What is the truth? Is Roberto anti-Gracie and pro-judo? Is Choque anti-Gracie?

Roberto is pro-judo. That is a fact. He is also pro-BJJ. He is not anti-Gracie. Whatever Roberto thinks about individual members of the enormous and genetically diverse Gracie family and their long histories of activities is irrelevant to Choque, which is based on verifiable sources, with a bare minimum of "interpretation" (occasional examples of speculation are clearly noted as such.) Roberto respects various members of the Gracie family for their contribution, along with people like Geo Omori, Takeo Yano, Yassuiti Ono, Masahiko Kimura, Oswaldo Fada, Oswaldo Alves, George Mehdi, the Behring family, and many others, to the awesome form of Kodokan judo now known as BJJ. Choque however is not a valentine to the Gracie family, but rather an academic work on a subject that they happen, not by accident, to be highly identified with. Choque is about everyone who contributed to BJJ, not just Carlos and Helio Gracie. Choque also strove to give proper credit to George Gracie, who had more fights in his career than all four of his brothers combined, and to Carlson Gracie for his major role in the development of the sport beginning with his September 6, 1951 match with Ono Academy representative Tsunechik Sakai.

Contrary to what some people think, Choque is not about the Gracie family. Choque went to the extreme to include anything of potential relevance, regardless of whether it was positive or negative concerning the Gracie family, or anyone else, as long as the sources were verifiable and reliable, i.e., were not filtered through the narratives of Carlos Gracie, Helio Gracie, Rorion Gracie and the latest in the lineage of family spokesmen, Rener Gracie.

To put it concretely, if we want to know about Helio Gracie's fight with Antonio Portugal we can rely on Helio Gracie's memory or Rorion Gracie's veracity. Or we can read contemporary reports from 1932 when the fight occurred (January 16, 1932), which is what Roberto did, and anyone else can do if they are willing to make the effort. Individual readers can decide for themselves who they want to trust. Or they can suspend judgment. If anything, Choque downplayed negative evidence in order to avoid the appearance of bias. It was hard to avoid negative reports because there were so many of them. But as we know, newspapers print what sells and they know from experience that scandals and arrests sell newspapers.  But it wasn't all negative. Positive stories were reported. None were ignored or suppressed.  

Choque was not intended to be light reading, full of entertaining stories about super-human martial arts masters, jealousy guarded secret techniques, and adolescent street fights (although there are plenty of drunken street fights, assaults, muggings, rapes and attempted rapes, murders, and suicides in Choque 2 and Choque 3, all factual, regrettably.) Nor was it designed to be a roadmap to black belt or any such similar inspirational how-to-do it manual. Choque 1 was primarily intended for academic researchers. Choque 2 and Choque 3 are a little lighter, made possible by greater availability of more recent source materials. Readers who prefer cool stories may find Choque "dry." Readers who appreciate facts and truth tend to find engagement with Choque rewarding, despite the effort it may take effort to keep track of the details (which is why Choque has multiple appendices.)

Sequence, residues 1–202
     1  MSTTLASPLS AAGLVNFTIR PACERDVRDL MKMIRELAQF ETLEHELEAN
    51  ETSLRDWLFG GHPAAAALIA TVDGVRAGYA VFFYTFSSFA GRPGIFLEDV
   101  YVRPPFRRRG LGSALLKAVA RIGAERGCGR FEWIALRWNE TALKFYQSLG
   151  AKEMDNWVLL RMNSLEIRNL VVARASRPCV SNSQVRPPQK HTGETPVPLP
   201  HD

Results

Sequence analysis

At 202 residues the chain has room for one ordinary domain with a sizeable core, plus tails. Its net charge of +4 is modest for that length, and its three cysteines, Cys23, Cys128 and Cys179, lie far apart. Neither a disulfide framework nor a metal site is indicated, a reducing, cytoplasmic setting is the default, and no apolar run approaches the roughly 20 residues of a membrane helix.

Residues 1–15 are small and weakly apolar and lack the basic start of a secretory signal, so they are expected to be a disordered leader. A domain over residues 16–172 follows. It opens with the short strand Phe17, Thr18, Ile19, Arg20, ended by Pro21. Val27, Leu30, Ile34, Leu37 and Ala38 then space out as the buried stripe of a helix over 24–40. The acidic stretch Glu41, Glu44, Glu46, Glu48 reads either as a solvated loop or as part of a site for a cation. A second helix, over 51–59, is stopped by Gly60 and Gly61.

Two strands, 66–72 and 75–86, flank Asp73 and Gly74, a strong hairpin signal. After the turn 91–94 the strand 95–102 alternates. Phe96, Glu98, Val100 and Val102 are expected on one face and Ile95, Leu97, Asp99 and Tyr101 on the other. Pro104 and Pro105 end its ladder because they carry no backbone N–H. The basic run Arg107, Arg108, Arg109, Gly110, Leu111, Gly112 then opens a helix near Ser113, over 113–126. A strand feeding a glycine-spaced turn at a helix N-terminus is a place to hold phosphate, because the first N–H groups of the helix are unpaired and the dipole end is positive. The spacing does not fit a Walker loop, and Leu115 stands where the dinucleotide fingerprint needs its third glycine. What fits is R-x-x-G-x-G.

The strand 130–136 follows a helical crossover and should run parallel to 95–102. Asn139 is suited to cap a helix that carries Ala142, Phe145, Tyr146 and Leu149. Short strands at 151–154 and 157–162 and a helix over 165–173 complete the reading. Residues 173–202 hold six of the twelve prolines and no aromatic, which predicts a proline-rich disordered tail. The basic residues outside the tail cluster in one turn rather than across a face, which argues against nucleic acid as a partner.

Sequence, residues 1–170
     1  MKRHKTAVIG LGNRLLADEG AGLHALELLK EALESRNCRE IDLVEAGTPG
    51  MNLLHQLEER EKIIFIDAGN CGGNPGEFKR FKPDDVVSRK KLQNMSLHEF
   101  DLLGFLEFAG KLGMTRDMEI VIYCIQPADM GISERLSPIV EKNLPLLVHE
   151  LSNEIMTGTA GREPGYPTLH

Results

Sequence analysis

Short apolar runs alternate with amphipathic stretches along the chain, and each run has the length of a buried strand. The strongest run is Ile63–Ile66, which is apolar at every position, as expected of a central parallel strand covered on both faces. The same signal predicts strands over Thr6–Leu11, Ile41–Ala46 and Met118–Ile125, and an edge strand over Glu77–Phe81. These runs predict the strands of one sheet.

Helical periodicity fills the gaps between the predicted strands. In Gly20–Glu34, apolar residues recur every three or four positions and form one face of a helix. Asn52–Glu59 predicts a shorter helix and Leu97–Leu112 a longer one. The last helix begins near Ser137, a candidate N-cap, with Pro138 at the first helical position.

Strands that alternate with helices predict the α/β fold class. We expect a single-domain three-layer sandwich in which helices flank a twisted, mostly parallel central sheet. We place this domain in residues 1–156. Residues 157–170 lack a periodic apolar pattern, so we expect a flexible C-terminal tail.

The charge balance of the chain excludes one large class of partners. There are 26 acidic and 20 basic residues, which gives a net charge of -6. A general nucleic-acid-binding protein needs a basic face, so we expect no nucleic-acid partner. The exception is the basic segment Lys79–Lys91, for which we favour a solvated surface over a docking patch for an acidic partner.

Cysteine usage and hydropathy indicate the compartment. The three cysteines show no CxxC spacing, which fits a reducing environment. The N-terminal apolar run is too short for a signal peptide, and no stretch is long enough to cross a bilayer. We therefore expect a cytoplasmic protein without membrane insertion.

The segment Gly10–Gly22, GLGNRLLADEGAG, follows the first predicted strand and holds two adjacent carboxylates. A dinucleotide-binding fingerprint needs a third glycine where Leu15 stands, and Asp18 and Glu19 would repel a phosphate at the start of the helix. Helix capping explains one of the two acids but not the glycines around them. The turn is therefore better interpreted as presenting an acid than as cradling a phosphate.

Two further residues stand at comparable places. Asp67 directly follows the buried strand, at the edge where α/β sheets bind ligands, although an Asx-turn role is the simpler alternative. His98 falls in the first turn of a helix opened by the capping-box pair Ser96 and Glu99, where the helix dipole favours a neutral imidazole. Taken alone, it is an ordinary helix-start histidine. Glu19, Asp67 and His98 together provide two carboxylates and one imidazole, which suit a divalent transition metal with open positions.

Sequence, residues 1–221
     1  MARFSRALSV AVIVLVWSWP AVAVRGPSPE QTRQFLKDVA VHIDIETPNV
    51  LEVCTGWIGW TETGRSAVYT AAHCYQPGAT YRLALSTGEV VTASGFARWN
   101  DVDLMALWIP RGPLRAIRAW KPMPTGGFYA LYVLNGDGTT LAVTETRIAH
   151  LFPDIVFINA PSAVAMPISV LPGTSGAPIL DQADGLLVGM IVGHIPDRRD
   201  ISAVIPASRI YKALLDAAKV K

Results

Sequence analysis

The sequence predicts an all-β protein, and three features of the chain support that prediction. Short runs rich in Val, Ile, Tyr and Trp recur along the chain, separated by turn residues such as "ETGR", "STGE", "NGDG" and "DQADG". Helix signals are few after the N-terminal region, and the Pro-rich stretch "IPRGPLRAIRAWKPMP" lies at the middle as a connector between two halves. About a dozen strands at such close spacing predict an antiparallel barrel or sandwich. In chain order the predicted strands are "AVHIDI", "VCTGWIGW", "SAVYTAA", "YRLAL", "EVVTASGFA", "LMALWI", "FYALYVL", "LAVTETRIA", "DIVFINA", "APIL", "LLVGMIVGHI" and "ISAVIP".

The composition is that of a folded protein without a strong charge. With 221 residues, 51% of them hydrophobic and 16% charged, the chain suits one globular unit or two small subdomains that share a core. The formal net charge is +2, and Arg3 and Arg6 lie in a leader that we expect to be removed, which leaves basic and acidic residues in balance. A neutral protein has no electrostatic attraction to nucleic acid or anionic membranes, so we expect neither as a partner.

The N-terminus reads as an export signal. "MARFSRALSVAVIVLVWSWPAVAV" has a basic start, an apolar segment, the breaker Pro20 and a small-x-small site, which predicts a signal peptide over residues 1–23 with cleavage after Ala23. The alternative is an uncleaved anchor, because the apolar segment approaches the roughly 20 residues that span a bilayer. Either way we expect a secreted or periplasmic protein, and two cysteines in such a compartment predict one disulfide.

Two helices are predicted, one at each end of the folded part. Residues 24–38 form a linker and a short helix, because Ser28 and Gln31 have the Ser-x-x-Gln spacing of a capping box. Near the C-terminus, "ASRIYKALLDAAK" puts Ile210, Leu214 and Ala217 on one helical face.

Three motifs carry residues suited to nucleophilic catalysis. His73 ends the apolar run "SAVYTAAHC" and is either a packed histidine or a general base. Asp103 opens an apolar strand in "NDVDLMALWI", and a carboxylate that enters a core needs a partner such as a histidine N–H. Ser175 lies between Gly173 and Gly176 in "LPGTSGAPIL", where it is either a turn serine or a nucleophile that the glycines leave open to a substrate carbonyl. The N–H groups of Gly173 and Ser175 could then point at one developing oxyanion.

Having said all of this, Roberto understands why some people are disconcerted. It's not fun to have your heroes revealed to be ordinary mortal men with plenty of faults and flaws, and who actually lost fights or never won a fight. If your academy depends on a lineage to Mitsuyo Maeda (Conde Koma) via either Carlos or Helio Gracie for its viability, then your marketing strategy needs to be updated.

As a wise man once said, "Truth is the quality that moves us forward, expands our horizons, and ultimately sets us free. We should never fear it. Those who do, do so perhaps, because they have something to hide. Perhaps they worry that the relentless light of truth may expose the inadequacies or worse, the deliberate deceptions, in their own words."--Rorion Gracie (Gracies in Action 2, 1992)



For more Myths and Misconceptions see:

Top 30 Myths and Misconceptions about Brazilian Jiu-Jitsu


Top 18 Myths and Misconceptions about Brazilian Jiu-Jitsu in Gracies in Action 1


Top 24 Myths and Misconceptions about Brazilian Jiu-Jitsu in Pat Jordan's 1989 Playboy Article





1. Quebra silêncio = breaks the silence, i.e., speaks after a period of reticence.

2. William James didn't express it in quite these terms. This was Bertrand Russell's mocking characterization. James insisted that what he meant was "useful in understanding the world and reality." James was less interested in what "truth" was than in what was "true."


(c) 2016, Roberto Pedreira. All rights reserved.







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Choque 1, 3rd Edition (June 1, 2016)




Choque 3, 1961-1999